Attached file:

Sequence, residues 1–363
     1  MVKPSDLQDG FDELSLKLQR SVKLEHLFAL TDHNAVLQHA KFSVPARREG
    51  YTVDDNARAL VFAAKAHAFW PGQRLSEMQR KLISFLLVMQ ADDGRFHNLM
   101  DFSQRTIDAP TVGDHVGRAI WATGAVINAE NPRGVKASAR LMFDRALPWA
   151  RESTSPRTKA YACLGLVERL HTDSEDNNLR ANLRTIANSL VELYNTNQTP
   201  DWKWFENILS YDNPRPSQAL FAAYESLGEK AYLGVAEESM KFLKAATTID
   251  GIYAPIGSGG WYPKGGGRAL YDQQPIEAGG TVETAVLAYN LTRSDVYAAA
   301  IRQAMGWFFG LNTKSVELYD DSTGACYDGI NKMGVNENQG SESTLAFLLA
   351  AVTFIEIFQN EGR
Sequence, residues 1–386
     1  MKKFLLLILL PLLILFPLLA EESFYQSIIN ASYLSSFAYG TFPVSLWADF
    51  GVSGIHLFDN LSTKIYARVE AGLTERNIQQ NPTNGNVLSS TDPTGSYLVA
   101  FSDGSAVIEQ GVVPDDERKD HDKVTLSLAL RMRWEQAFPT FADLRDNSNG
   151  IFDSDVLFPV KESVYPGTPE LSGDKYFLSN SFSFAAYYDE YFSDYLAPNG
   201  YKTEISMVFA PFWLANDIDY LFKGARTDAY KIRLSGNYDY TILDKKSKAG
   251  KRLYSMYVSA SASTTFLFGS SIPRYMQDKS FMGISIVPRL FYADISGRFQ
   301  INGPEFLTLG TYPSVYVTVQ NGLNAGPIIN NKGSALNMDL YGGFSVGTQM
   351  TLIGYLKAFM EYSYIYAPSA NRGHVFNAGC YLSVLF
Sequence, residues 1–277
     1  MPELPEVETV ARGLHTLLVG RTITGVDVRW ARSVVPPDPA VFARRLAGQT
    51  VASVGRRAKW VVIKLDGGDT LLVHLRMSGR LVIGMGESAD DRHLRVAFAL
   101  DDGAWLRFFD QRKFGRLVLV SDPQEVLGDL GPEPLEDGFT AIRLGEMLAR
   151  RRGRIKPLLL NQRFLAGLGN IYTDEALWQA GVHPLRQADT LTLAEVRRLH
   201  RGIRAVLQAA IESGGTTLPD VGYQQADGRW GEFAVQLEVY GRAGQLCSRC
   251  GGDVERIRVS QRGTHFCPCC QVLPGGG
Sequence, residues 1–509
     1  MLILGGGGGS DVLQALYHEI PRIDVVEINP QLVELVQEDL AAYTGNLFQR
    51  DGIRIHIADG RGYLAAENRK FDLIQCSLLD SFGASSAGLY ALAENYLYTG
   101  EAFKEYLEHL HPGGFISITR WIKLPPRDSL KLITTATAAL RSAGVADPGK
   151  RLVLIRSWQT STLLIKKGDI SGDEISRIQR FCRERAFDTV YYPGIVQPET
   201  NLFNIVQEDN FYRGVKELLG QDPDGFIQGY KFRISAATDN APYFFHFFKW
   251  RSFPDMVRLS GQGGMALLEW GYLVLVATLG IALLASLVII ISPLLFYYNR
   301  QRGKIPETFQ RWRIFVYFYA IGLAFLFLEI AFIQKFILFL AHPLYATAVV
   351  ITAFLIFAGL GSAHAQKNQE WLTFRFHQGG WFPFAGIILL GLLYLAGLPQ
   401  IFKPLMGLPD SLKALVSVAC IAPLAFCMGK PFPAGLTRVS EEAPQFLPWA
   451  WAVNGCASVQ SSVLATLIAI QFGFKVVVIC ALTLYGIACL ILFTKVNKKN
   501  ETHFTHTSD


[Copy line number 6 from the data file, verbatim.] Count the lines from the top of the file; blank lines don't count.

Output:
   201  DWKWFENILS YDNPRPSQAL FAAYESLGEK AYLGVAEESM KFLKAATTID